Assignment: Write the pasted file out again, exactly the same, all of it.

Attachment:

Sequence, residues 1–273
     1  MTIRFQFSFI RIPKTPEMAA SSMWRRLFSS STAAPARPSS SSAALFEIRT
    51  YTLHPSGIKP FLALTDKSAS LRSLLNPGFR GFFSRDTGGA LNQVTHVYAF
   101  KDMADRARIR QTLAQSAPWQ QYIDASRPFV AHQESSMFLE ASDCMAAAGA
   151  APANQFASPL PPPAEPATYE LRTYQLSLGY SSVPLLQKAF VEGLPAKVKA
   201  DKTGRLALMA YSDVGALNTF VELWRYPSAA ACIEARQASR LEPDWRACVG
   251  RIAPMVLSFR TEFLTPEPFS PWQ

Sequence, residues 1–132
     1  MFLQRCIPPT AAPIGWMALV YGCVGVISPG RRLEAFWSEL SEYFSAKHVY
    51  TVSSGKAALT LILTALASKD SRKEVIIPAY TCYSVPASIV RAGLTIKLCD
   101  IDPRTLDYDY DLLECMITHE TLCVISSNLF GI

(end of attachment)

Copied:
Sequence, residues 1–273
     1  MTIRFQFSFI RIPKTPEMAA SSMWRRLFSS STAAPARPSS SSAALFEIRT
    51  YTLHPSGIKP FLALTDKSAS LRSLLNPGFR GFFSRDTGGA LNQVTHVYAF
   101  KDMADRARIR QTLAQSAPWQ QYIDASRPFV AHQESSMFLE ASDCMAAAGA
   151  APANQFASPL PPPAEPATYE LRTYQLSLGY SSVPLLQKAF VEGLPAKVKA
   201  DKTGRLALMA YSDVGALNTF VELWRYPSAA ACIEARQASR LEPDWRACVG
   251  RIAPMVLSFR TEFLTPEPFS PWQ

Sequence, residues 1–132
     1  MFLQRCIPPT AAPIGWMALV YGCVGVISPG RRLEAFWSEL SEYFSAKHVY
    51  TVSSGKAALT LILTALASKD SRKEVIIPAY TCYSVPASIV RAGLTIKLCD
   101  IDPRTLDYDY DLLECMITHE TLCVISSNLF GI